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High-Gamma oscillations in the SLF I network predict conscious perception of attended visual targets

Poster Session F - Tuesday, April 16, 2024, 8:00 – 10:00 am EDT, Sheraton Hall
Also presenting in Data Blitz Session 1 - Saturday, April 13, 2024, 1:00 – 2:30 pm EDT, Ballroom East.

Dr. Alfredo Spagna1 (, Dr. Jianghao Liu2, Dr. Paolo Bartolomeo2; 1Department of Psychology, Columbia University, 2Sorbonne Université, Institut du Cerveau - Paris Brain Institute - ICM, Inserm, CNRS, AP-HP, Hôpital de la Pitié-Salpêtrière, F-75013 Paris, France

Introduction. “Look over there” is a common phrase we have all heard in our life. But how does brain responses to a cue help conscious perception of an impending target? Here, we studied how brain oscillations observed following the presentation of predictive peripheral cues benefit conscious perception. Method. Fourteen participants completed a task with spatially predictive supra-threshold peripheral cues (50 ms) preceding by 250 ms the presentation of near-threshold Gabor targets (16 ms). Performance differences in consciously perceived targets between validly cued (same side) and invalidly cued (opposite side) trials were analyzed via a Conscious Reports (Seen, Unseen) x Validity (Valid, Invalid) ANOVA. MEG recordings during the cue-target period underwent time-frequency decomposition analyses to explore the Validity by Conscious Reports interaction. Oscillatory patterns within regions of interest in the Superior Longitudinal Fasciculi (SLF) were submitted to nonparametric testing. Results. The greater discrimination accuracy for seen compared unseen targets (p<.0001) was associated with increased gamma oscillations (~60 Hz) during the cue-target period (~158 ms post-cue) in the right superior frontal gyrus, a node of the SLF I network. Further, high-gamma oscillations in both the superior frontal and superior parietal nodes of the right SLF I, as well as their coherence, were greater for seen compared to unseen trials for valid but not for invalid trials. Discussion. Our results indicate that the high-gamma oscillatory activity within the right SLF I plays a crucial role in guiding attention during the cue-target period.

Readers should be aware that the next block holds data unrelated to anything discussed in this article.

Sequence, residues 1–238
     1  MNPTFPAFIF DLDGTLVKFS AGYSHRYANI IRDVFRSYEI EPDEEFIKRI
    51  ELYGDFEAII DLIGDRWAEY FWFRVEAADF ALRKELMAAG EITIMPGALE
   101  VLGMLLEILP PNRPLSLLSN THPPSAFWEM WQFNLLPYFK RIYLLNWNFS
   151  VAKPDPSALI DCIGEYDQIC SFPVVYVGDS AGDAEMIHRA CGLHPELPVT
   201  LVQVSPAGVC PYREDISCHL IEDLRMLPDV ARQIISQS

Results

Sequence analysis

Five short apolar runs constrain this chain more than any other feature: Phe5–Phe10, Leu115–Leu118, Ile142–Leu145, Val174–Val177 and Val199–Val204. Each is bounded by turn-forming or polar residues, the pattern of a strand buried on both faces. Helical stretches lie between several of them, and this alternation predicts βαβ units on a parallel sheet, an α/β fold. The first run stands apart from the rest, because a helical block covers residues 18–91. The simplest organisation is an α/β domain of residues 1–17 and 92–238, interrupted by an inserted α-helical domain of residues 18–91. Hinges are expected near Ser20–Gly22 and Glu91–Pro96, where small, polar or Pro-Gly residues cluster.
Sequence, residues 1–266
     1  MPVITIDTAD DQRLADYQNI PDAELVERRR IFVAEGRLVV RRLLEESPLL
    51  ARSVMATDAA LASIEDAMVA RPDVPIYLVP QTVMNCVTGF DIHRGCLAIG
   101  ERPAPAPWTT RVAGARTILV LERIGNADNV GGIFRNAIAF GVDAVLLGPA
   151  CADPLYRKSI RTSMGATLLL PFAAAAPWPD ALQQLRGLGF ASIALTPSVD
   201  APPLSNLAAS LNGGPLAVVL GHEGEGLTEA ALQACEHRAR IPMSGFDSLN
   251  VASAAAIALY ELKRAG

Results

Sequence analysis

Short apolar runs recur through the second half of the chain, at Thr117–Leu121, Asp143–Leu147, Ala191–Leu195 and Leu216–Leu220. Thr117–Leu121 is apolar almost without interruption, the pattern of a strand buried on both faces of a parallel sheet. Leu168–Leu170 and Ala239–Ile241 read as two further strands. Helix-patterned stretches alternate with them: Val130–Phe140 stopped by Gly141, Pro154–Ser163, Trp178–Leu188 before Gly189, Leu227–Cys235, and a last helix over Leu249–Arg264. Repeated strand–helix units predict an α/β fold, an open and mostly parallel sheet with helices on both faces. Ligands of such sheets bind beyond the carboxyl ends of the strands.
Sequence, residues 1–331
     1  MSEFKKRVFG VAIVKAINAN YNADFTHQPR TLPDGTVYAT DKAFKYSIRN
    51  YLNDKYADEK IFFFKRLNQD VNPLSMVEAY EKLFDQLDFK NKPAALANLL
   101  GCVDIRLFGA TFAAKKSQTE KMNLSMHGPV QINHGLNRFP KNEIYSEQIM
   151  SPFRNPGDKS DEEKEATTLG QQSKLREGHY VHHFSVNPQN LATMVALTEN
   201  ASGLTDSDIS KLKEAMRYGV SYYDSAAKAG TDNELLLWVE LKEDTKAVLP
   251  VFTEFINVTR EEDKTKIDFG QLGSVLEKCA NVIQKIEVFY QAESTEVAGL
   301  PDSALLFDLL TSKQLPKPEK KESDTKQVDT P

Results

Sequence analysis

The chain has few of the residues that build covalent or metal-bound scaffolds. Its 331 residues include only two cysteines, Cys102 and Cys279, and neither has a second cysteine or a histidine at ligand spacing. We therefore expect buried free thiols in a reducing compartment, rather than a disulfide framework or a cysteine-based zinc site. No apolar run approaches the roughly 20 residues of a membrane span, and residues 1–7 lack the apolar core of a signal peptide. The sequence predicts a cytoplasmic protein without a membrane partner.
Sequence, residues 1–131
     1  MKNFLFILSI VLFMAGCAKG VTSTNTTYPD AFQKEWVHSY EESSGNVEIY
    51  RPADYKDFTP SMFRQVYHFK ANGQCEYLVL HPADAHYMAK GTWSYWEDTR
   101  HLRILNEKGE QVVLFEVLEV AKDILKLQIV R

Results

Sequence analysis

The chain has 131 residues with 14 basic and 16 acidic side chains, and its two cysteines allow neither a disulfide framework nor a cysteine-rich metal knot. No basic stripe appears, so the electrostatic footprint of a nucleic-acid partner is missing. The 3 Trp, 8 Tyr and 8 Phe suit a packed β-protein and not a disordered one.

Topic Area: ATTENTION: Spatial


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